my father (pt. 1)

*I started writing this in June of 2017. This piece is a work in progress*

WHEN I was 16, my father passed away. He had died from medical complications, his kidneys and heart having failed. I never met him, and still have yet to see a picture of him. He died on April 22, 2005.

The only time we ever connected was when I was 13, and he called our home number. I was home alone, toasting some Eggo waffles, and the phone rang.


“Hello? Mija?” Mija is a pretty common term in Spanish that means “my daughter,” but almost everyone uses it when referring to a young girl.

“Hi, may I ask who is calling?”

“Mija, it’s me, your father.”

“Who? I’m sorry.”

“Mija, it’s me, Ralph.”

I paused for a second to process that name before frantically hanging up. I stood there, in front of our phone, trying to calm my trembling hands. It was the weirdest feeling of utter awkwardness combined with fear. I almost didn’t believe the phone call had even happened, until the phone rang again just a few moments later. Too scared to pick up the line, I let it go to voicemail.

“Hi mija, it’s me, your dad, Ralph. Please let me talk – “

I cut the message off abruptly by hitting the delete button. I was too scared of what my mom would think if she knew that I had talked to Ralph. I purposed myself to not tell my mother, since I thought she might feel hurt, or think that I was going to leave her. But, being an emotional kid, I confessed almost as soon as she walked in the door. I remember crying profusely as I described how sorry I was that I had picked up the phone. She held me and told me that she wasn’t at all upset, but that instead she was sad I didn’t want to talk to him.

Mom always encouraged me to understand that my dad was lovable and kind, but  irresponsible as well. She said he didn’t take the responsibility of being a husband and father as seriously as he should have. She also openly shared how it was her decision to marry him, and she takes responsibility for not listening to the wise counsel of others who advised her otherwise. She refrained from telling me things that would create bitterness in my heart, because she wanted me to have some relationship with my dad, especially since she too had been estranged from her father, and that hurt her deeply.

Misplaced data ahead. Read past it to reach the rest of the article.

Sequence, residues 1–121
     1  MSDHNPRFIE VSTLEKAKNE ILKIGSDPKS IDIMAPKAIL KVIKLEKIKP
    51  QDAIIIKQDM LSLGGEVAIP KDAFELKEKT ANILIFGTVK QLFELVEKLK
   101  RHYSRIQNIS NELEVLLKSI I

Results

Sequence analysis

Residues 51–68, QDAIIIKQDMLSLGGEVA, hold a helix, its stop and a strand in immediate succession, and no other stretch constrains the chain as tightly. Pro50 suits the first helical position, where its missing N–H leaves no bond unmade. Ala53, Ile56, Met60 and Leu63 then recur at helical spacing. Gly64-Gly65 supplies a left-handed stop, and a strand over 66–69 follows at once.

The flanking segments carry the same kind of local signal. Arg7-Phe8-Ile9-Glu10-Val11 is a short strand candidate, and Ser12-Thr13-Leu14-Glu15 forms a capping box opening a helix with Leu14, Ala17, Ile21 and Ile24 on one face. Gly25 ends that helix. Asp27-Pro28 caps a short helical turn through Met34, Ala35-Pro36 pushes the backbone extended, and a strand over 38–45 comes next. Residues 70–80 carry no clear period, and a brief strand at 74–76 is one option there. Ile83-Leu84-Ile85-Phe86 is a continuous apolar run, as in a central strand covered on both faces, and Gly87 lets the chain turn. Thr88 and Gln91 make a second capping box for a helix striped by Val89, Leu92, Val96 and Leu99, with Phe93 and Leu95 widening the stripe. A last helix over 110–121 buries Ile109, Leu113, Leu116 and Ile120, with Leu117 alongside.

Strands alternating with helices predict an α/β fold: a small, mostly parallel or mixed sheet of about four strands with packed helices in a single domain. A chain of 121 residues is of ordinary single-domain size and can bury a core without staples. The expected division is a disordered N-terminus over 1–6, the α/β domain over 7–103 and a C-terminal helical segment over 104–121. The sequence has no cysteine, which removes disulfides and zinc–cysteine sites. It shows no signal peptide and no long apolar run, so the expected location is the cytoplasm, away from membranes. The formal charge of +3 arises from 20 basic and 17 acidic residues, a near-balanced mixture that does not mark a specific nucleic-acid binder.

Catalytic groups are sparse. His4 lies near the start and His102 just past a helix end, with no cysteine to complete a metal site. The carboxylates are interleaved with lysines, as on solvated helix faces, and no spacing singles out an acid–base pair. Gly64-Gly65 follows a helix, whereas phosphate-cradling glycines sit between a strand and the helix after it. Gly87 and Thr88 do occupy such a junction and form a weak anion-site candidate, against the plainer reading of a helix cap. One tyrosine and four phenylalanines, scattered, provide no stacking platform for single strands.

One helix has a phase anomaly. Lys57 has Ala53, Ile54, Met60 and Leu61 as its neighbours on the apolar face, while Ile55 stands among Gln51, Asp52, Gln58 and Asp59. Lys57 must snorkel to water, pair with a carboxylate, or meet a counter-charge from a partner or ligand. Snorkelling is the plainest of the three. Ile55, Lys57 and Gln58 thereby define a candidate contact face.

At thirteen, I didn’t want to talk to Ralph. Though he was my biological father, he was still a stranger, and one who had discarded my trust before it had been gained. But as I look back, that phone call is a memory I mourn. I know I was too young to understand, and my childish mind believed that talking to him, getting to know him, meant that I was taking his side or excusing his abandonment.

As I’ve gotten older, my mom says I resemble him in so many ways – my sense of humor, my expressive eyes, the emotive ways I contort my face to show extreme excitement or frustration. I think this is why I wish I could just have a photo of him, just to be able to pick out the parts that are mine and his, the ones that we share.

But there’s also a part of me that is grateful to have nothing of him, because there is a positive correlation with knowing someone and loving them. The more I know of someone, the deeper our relationship, the truer the love, and the greater the potential for pain and disappointment. And that is true of my dad; because I didn’t know him, because I don’t even have a photo of him, it seems that not having him there was normal, fine even. I can count the number of times on one hand where I truly felt sad for not having him around – not because he wasn’t valuable, but because the idea of him was so foreign. And so having some of him would have been more painful than was having none at all.

I sometimes wonder how my personality, being, and quirks might have been shaped differently if he had raised me with mom. Would I be kinder, gentler, or more patient? Would I feel a greater security in my heavenly Father, having known an earthly security in Ralph? And then I remember that even if he had been there, and had been a great father, I would still be sinful in nature. My heart would still be selfish and rebellious against the Lord, doubtful and faithless without His mercy and grace. The Lord, my Father who is good and just, knows who I am and what has shaped me, as both my sovereign Maker and the one who has secured my life in His hands through Jesus’ blood on the Cross. He knows how to prune and sanctify all of me, that I might display His glory and magnify His name in my thoughts, actions, teaching and pursuits.


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